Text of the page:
Thursday, May 18, 2017

Blue Mountain Reserves sell as fast as U2 tickets

Photo: Winemaker Matt Mavety

Blue Mountain Vineyard & Cellars released three reserve wines from the superb 2014 vintage on April 24, 2017.

I learned recently that the wines sold out that afternoon.

When wine sells almost as quickly as tickets for a U2 concert, that speaks volumes for the loyalty of Blue Mountain customers and the quality of the wines.

Why am I still reviewing the wines? If you bought them, you might like to compare notes. And perhaps Blue Mountain allocated some of the wines for restaurants or select wine shops.

If you have these wines, or come across them in a wine shop, don’t rush to open them. While the three wines are drinking well now, a further year in your cellar will unlock even more complexity.

Blue Mountain is included in my new book, Icon: Flagship Wines from British Columbia’s Best Wineries. For most wineries in the book, I chose just one wine; I wanted to focus on wines that might be collected for vertical tastings. I made an exception with Blue Mountain because all of the reserves are collectible.

In fact, when I asked winemaker Matt Mavety which of his wines are collectible, he said: “All of them.” That included the “regular” releases as well as the reserves. It is hard to disagree with that.

Here is an excerpt from the Blue Mountain profile in the book.

The style and consistency of Blue Mountain’s estate-grown wine is such that everything in the portfolio has the cellar longevity that collectors look for. It begins in the 32-hectare vineyard that the Mavety family has farmed for 45 years. “The approach that we take is to treat all the vineyard blocks like a grand cru vineyard,” winemaker Matt Mavety says. “We spend all our time working hard in the vineyards, and we spend time in the cellar to look after all of the wines. Every grape that is brought into here gets handled such as it could be reserve wine.”

Ian and Jane Mavety, Matt’s parents, planted this picturesque Okanagan Falls vineyard in 1971, initially with the hybrid varieties then in demand for winemaking. They began replanting with vinifera in 1985, focusing on the varieties of Burgundy and Alsace, the French terroirs they believed to be most similar to their vineyard. The winery opened in 1992 with Pinot Blanc, Pinot Gris, and Pinot Noir from the 1991 vintage, followed shortly by the 1991 Blue Mountain Brut and a 1993 Chardonnay.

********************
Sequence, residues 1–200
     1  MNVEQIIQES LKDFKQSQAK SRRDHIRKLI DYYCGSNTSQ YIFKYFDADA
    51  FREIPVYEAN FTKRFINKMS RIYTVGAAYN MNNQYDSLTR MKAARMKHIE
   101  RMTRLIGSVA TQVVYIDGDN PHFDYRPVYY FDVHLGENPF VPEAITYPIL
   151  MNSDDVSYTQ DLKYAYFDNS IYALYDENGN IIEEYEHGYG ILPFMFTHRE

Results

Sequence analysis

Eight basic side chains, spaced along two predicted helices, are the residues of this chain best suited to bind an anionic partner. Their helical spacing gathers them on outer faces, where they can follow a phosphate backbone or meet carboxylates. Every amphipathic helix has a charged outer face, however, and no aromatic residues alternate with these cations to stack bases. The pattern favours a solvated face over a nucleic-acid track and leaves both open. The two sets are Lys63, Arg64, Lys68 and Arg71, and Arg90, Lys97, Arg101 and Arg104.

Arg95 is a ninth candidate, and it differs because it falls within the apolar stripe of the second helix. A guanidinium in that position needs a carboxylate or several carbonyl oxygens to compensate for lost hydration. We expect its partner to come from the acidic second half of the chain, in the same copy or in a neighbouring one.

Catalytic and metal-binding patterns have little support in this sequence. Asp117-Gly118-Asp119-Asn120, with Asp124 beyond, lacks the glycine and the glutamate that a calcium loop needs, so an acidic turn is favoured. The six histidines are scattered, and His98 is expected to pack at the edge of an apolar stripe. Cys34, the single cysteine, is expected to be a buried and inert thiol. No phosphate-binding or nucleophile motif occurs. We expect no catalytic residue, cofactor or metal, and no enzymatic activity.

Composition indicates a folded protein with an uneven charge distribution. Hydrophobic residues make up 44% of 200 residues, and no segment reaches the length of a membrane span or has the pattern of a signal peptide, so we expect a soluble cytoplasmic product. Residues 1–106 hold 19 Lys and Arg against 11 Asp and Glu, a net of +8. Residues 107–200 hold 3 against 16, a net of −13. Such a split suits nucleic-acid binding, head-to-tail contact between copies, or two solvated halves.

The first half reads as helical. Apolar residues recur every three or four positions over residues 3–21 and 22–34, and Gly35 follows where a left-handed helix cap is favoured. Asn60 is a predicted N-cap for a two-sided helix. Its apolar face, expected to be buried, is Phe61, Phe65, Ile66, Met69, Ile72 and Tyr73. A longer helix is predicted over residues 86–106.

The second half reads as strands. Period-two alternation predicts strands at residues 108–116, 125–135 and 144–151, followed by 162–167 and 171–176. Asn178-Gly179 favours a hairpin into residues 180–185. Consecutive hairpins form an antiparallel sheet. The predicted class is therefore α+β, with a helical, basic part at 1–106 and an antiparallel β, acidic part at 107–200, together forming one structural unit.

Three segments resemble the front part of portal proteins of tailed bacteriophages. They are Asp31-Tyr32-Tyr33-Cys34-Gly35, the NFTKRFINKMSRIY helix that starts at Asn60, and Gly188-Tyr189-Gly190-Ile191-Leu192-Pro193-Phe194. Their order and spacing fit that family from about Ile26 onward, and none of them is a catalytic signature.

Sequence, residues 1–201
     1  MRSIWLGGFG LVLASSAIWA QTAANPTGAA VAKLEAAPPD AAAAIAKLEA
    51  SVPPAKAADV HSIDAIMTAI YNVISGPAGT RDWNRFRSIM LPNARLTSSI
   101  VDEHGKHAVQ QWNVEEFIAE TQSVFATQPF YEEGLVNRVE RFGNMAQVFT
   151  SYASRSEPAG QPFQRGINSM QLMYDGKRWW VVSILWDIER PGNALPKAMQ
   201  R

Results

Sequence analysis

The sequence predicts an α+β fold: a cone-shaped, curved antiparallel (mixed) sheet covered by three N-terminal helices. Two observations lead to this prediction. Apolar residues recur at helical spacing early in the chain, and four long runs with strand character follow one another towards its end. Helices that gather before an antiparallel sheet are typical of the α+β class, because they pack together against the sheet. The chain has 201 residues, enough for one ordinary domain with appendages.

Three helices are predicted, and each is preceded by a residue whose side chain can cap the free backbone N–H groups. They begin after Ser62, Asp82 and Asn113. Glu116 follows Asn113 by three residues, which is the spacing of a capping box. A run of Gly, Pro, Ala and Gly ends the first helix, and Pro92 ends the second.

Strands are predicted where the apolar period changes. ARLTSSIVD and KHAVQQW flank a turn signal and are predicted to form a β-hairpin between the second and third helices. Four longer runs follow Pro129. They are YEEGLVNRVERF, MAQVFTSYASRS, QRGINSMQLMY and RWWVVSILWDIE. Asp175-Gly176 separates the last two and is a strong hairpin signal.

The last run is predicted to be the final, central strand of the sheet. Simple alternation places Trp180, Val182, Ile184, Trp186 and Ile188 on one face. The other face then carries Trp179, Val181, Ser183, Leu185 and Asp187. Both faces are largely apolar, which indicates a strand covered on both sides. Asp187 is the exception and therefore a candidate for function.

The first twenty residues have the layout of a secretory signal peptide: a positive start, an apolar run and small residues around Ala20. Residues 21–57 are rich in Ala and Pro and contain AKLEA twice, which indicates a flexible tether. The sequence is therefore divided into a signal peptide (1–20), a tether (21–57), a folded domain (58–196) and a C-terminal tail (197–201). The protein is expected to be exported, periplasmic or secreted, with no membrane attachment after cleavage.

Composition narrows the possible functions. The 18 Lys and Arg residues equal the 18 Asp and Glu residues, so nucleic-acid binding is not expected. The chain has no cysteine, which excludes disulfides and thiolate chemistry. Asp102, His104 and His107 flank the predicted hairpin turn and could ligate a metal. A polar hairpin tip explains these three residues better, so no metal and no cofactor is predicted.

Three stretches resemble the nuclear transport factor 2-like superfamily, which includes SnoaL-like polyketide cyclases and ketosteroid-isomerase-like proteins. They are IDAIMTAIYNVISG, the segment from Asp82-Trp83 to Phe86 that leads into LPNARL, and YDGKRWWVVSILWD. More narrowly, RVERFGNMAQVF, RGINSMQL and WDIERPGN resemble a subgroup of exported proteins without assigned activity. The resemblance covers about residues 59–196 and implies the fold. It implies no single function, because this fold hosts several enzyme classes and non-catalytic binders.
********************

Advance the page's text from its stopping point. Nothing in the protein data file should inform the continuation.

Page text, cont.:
The winery soon began making its eminently collectible reserves, beginning with a 1992 Vintage Reserve sparkling wine (subsequently phased out). Striped labels were designed to differentiate the reserve wines from the regular wines, released with cream-coloured labels. The winery released its first reserve table wines in 1996—a 1994 Pinot Noir, and a Chardonnay and Pinot Gris from the 1995 vintage. Blue Mountain gained international recognition when it was the first Canadian winery invited to the prestigious International Pinot Noir Celebration in Oregon, to pour its 1994 Pinot Noir Reserve.

Since then, Blue Mountain has produced reserve table wines virtually every vintage. The typical volume is 600 to 800 cases of Pinot Noir and about 350 cases of Chardonnay. The reserve sparkling wine was replaced in the 2005 vintage with the R.D.—or “recently disgorged”—which is on the lees for six or seven years before being disgorged. Volumes range from 100 to 200 cases.